Tomorrow’s wedding of Prince William and Catherine Middleton dominates the airwaves around the world, and even Harvard Business School professor Rosabeth Moss Kantor has an HBR blog post offering business insights thereto, including that it is an example of the coming of the “experience economy,” where people pay for the chance to participate at particular times, and expenditures on goods and services come in bundles tied to particular events. She councils how the “soft stuff” and “joy factor” can offer big audiences and revenues; romance and ritual matter…“sentiment sells.”
Fair enough. To this, permit me to add a thought or two about how the fact of the royal wedding can improve out judgment of future business environments and opportunities.
First, in the race to the future, leaders should never underestimate the power of traditionalism and continuity –particularly in changing times. Business leaders may be tempted to view the latest gizmo or the new lifestyle choice as the future. But this would be thinking poorly about tomorrow. Yes, new things get adopted all the time, and real and rapid change happens, but at the same time the broad market also has a vast, seemingly unquenchable, appetite for tradition.
The point is, the two are closely correlated. The faster society and technology moves the more people cling to apparent past certainties and traditions.
If you’d looked at the future of the British monarchy anytime through the turbulent, democratizing 20th century you might have be tempted to say it must soon be phased out, given the estimated $65m-a-year cost to the taxpayer (not including the spiraling cost of security.) You would think that the public would tire of upper-class toffs prancing around from polo matches to garden parties, wearing Chloe and drinking Krug at their expense.
But, in fact, no. The British monarchy is as popular as ever. There is some truth in the view that royalty is good for UK tourism. But mostly the monarchy survives because the public wants vestiges of the past as it peers at the changing future and the steady erosion of tradition and other fixed points from middle class lives.
A handsome military prince, a girl in white, a horse-drawn carriage, a bishop, a cathedral … is a psychological balm for most of us, even if we are, or more exactly because we are, viewing it all streamed on an iPad.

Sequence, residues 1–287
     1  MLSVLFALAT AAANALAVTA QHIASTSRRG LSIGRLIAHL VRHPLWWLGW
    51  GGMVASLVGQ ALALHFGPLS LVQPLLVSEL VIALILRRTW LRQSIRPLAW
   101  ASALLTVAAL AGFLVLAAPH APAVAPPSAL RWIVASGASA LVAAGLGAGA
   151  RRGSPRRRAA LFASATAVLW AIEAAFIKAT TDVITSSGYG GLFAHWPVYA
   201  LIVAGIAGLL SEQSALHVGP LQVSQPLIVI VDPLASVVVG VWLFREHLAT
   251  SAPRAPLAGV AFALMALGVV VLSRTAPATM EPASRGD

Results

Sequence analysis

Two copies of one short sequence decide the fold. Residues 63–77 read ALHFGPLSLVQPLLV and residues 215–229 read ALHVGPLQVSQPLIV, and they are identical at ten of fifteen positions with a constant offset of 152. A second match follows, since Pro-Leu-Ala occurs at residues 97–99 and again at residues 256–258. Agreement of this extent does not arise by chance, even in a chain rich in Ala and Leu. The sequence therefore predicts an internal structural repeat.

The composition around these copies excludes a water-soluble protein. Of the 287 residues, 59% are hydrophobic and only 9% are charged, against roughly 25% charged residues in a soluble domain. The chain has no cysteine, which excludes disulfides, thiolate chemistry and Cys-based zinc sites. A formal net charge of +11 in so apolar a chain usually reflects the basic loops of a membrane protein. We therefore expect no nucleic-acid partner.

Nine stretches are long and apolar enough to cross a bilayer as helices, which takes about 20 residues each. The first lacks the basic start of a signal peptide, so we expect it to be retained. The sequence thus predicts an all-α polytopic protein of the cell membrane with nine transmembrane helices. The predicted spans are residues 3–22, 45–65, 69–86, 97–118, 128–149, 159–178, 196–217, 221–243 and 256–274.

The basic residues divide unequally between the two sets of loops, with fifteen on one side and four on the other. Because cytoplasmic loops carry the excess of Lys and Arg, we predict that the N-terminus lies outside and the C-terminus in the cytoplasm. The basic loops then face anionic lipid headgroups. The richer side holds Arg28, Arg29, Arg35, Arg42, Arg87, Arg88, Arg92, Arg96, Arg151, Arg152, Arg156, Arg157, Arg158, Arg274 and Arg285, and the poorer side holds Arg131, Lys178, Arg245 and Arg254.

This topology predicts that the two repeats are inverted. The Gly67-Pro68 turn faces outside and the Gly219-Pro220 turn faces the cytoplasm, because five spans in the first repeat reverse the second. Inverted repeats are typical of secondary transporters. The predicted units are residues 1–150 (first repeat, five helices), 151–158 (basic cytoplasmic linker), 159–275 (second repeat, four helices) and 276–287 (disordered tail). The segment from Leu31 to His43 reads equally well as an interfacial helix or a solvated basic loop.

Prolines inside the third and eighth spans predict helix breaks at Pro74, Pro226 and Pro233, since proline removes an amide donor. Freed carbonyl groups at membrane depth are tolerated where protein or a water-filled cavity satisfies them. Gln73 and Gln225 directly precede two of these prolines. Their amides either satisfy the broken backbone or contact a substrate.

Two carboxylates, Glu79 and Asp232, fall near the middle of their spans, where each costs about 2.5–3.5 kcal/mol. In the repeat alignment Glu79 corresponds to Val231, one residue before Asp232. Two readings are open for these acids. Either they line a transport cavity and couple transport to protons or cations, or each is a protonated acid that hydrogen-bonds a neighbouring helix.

In industry foresight, we call this a “counter-trend.”
Another counter trend at work here is marriage itself. The figures are clear that people are marrying later, if at all, and staying married for a shorter time. William and Kate represent a minority: the number of weddings that are a first-time marriage for both parties is down to 150,000 a year, 35% what it was in 1940. That’s the trend. So the royal couple and their public ritual affirms publicly what most ordinary people are denying or denied privately.
The point not to be missed is the middle-class compromises most people are making drives counter-trend nostalgia for what once was, and marketing campaigns or business units, if not entire companies, can be built thereon – not only on traditionalist revivalism specifically, but on any strong counter-trend.
Finally, the wedding of Prince William to “commoner” Catherine Middleton shows us how, despite all its apparent protestations, the UK is yet still Americanizing faster than one might think, and not just in splurging on cheap Chinese imports or putting university education on a pay-to-play basis.
Kate is very much an “American” princess, in the sense of being from a self-made family. Her mother was a flight attendant, her father too, before becoming a flight dispatcher for BA. (Rumor, hotly denied, is that Prince William’s friends used to snigger “doors-to-manual” among themselves on Kate’s arrival, in reference to her parents’ profession.)
But then “the American dream” could and did happen: The Middletons hit it rich with an online party supplies company (Party Pieces), were able to send Catherine to the right schools, and the rest is history.